Posts Tagged ‘William H. Gray III 30th Street Station’

Bus Schedules Change in North Carolina; Buses Replace Trains to Atlantic City

October 22, 2020

Eastern North Carolina Thruway Service changed on Oct. 20 at certain cities with the changes in effect through Aug. 20, 2021.

In a service advisory, Amtrak said buses 6089 and 6090 are suspended while Buses 6189 and 6190 are canceled on Tuesdays.

Bus service is suspended at Goldsboro, Kinston, Havelock, Morehead City and Swansboro.

Bus service will continue at Wilmington, Jacksonville, New Bern, Greenville and Wilson.

In an unrelated development New Jersey Transit will substitute buses for trains on weekends between Philadelaphia (30th Street Station) and Atlantic City, New Jersey.

The bus substitutions will continue through Dec. 18 due to work on the Delair Bridge. The work will affect rail service between 4 a.m. on Saturdays and 6:30 p.m. on Sundays.

Passengers boarding at 30th Street station will board the bus on JFK Boulevard across from the station’s 30th Street entrance. The bus will depart at the scheduled train time.

Those traveling on a bus to 30th Street Station will disembark on  the driveway on the 30th Street side of the station right outside the doors.

Philly Station Project Gets Leader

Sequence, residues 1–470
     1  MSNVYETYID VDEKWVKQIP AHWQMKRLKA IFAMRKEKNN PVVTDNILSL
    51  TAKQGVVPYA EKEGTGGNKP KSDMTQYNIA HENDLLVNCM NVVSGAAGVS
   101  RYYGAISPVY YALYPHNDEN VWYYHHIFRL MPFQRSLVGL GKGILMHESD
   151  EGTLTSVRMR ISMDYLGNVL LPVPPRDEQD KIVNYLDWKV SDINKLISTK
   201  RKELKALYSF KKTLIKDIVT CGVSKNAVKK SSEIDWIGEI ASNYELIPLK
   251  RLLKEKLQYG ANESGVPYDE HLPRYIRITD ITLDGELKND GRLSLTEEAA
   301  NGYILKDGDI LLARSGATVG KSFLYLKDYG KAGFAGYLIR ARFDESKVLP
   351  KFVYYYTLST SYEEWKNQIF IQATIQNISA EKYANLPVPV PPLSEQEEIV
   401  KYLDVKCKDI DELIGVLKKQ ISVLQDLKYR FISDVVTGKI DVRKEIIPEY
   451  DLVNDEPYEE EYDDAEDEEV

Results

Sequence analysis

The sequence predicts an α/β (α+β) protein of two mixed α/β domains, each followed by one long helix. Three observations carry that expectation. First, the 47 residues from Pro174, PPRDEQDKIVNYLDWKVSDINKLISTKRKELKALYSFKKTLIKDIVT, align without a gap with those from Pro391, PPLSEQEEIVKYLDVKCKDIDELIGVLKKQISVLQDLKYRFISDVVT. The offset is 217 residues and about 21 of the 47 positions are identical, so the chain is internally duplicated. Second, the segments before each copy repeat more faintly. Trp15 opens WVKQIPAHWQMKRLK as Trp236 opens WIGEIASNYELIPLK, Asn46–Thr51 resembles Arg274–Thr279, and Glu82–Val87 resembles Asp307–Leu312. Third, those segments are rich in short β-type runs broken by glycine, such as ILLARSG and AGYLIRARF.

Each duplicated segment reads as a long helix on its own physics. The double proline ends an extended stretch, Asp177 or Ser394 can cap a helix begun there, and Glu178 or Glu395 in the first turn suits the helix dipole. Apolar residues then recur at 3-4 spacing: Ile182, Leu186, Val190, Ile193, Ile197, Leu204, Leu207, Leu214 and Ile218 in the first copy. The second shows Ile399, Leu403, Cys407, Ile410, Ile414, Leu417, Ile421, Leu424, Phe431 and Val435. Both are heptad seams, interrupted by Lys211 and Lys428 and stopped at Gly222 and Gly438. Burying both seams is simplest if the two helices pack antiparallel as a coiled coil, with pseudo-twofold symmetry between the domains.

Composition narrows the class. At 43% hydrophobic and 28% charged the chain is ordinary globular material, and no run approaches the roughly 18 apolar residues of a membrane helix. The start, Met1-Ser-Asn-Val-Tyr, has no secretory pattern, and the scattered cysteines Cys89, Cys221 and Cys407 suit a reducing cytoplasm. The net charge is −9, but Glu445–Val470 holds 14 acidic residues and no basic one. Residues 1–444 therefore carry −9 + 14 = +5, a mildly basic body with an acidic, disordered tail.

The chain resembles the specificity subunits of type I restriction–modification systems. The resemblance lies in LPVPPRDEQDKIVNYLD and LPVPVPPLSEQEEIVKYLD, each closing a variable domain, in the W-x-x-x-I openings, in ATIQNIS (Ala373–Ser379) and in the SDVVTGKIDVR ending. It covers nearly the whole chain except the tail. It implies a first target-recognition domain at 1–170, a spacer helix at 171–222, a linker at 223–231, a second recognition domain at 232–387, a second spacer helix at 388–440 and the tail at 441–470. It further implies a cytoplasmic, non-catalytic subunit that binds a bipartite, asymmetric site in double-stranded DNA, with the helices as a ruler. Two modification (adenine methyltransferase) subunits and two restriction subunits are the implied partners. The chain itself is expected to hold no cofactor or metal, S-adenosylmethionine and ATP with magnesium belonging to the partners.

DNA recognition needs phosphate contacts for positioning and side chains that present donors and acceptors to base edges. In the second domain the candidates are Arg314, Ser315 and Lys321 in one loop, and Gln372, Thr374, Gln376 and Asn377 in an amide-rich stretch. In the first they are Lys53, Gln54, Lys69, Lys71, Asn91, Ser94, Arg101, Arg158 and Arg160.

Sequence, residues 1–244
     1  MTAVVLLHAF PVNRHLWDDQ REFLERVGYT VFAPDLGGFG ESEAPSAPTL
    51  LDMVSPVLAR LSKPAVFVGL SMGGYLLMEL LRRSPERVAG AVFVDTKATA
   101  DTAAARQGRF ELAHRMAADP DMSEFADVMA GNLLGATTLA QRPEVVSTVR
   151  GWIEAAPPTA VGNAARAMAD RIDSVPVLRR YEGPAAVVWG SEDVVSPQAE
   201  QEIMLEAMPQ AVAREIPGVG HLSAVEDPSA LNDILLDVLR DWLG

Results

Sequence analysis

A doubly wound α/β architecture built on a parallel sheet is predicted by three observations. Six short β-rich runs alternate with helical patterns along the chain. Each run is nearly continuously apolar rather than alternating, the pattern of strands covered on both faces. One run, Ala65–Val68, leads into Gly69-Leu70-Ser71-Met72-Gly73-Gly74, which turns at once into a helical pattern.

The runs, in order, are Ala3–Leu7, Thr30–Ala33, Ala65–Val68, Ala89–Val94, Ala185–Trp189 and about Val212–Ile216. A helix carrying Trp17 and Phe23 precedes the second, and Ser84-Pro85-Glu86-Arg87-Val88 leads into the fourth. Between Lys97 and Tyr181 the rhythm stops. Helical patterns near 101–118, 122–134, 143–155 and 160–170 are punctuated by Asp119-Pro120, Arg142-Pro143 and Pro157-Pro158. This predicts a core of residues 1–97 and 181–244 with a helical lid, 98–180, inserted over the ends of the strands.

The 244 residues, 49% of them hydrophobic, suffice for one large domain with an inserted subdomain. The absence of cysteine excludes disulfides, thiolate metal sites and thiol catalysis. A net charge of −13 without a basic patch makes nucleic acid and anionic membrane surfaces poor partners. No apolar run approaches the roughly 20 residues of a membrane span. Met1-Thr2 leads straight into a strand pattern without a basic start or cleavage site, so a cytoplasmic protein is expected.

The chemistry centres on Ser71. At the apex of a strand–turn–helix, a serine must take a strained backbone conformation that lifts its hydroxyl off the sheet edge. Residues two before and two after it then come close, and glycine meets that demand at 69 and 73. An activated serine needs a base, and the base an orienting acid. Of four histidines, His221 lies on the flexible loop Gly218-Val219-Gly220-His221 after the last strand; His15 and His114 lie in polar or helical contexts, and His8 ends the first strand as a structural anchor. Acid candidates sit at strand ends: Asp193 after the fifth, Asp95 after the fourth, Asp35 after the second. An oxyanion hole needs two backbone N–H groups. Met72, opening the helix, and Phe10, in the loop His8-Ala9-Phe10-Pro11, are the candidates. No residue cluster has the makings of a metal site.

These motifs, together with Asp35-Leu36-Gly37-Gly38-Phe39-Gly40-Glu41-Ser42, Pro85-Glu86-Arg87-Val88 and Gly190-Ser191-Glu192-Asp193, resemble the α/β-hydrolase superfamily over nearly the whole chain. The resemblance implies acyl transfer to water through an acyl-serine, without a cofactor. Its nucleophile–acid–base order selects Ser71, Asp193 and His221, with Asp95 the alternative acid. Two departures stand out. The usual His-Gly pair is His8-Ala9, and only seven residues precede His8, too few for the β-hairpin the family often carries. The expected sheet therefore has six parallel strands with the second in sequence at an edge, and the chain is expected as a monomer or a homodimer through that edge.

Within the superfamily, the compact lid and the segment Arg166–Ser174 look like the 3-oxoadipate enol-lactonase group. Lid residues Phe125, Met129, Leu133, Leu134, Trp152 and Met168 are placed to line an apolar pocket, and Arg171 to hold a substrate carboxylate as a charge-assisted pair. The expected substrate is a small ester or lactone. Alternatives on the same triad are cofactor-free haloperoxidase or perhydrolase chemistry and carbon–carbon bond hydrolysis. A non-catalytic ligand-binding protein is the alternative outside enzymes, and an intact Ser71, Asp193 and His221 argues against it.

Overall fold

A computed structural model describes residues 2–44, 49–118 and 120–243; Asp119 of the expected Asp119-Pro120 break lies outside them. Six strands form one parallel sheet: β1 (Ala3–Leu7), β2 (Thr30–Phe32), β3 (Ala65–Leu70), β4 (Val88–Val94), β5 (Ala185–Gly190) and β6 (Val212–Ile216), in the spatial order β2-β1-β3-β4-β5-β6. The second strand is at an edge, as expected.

June 23, 2020

Amtrak said it has selected the North American affiliate of Australia infrastructure investment firm the Plenary Group to lead the project to develop Philadelphia’s 30th Street Station.

The passenger carrier said the Plenary team, which also includes Gilbane Building Co. of Rhode Island, was chosen based on its proposal and it record of project delivery, extensive experience with complex mixed-use properties and adaptive reuse of historic buildings.

Officials are still talking about financial terms for the project, which is part of the 30th Street Station District Plan involving long-term redevelopment of 175 acres around the terminal.

More Station Waiting Rooms Closed

April 28, 2020

More Amtrak station waiting room closing and other adjustments have been made during the COVID-19 pandemic.

The waiting room in Independence, Missouri, has been closed until further notice.

Amtrak’s Missouri River Runner trains will continue to stop and passengers will have access to the boarding platforms.

In Philadelphia, the William H Gray, III 30th Street station has a reduced number of entrances and modified station hours

Acess to the station is limited to a single entrance in the 30th Street Portico, the SEPTA concourse from 30th street and through the parking garage.

The station will be closed between 1 a.m. and 5 a.m. to all non-Amtrak personnel while workers clean and disinfect the facility.

In California, changes have been made to station operations along the Pacific Surfliner corridor.

Closed stations include San Juan Capistrano and Solana Beach although trains will continue to stop there.

The Anaheim and Irvine station waiting areas are open, but the Amtrak ticket window is closed, until further notice.

Stations in San Luis Obispo, Santa Barbara, Oxnard, Van Nuys, Los Angeles, Fullerton, Santa Ana, Oceanside and San Diego Downtown (Santa Fe Depot) are operating with modified hours.